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Korean J Fam Med. 2018 Jul;39(4):211-218. doi: 10.4082/kjfm.17.0025. Epub 2018 Jul 5.

Use of Hypnotics and Risk of Cancer: A Meta-Analysis of Observational Studies.

Author information

1
Department of Family Medicine, MyongJi Hospital, Goyang, Korea.
2
Department of Family Medicine, Yonsei University College of Medicine, Seoul, Korea.

Abstract

Background:

Previous observational epidemiological studies have shown inconsistent results on the relationship between hypnotics use and risk of cancer. To determine the association between hypnotics use and risk of cancer, we conducted a meta-analysis of available literature.

METHODS:

We searched databases PubMed, EMBASE, and the bibliographies of relevant articles to locate additional publications in February 2016. Three evaluators independently reviewed and selected eligible studies based on pre-determined selection criteria.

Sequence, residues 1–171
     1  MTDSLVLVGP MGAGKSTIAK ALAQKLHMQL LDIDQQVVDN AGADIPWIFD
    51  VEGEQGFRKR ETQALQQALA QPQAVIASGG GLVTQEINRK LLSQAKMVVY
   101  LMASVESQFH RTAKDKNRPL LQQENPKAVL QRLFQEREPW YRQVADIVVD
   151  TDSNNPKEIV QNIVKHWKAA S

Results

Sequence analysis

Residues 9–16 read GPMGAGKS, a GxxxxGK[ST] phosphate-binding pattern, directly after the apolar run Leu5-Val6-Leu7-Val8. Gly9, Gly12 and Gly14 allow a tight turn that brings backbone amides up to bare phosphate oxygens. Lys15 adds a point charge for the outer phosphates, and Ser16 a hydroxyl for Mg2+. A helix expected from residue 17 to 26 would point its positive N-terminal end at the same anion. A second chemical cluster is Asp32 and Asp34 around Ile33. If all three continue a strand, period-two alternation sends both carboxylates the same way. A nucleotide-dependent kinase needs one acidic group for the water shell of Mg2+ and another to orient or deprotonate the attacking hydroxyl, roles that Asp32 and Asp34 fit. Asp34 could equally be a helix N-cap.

RESULTS:

A total of six observational epidemiological studies including three case-control studies and three cohort studies, which involved 1,830,434 participants (202,629 hypnotics users and 1,627,805 non-users), were included in the final analyses. In a random-effects meta-analysis, compared with non-use of hypnotics, the odds ratio for overall hypnotics use was 1.29 for various cancers (95% confidence interval, 1.08-1.53). Subgroup meta-analyses by various factors such as study design, type of case-control study, study region, and methodological quality of study revealed consistent findings.

CONCLUSION:

Our findings from a meta-analysis of low-biased epidemiological studies suggested evidence linking the use of hypnotics to an increased risk of cancers. The results should be cautiously interpreted because of considerable heterogeneity with a high I square value.

KEYWORDS:

Meta-Analysis; Observational Study; Risk of Neoplasms; Hypnotics

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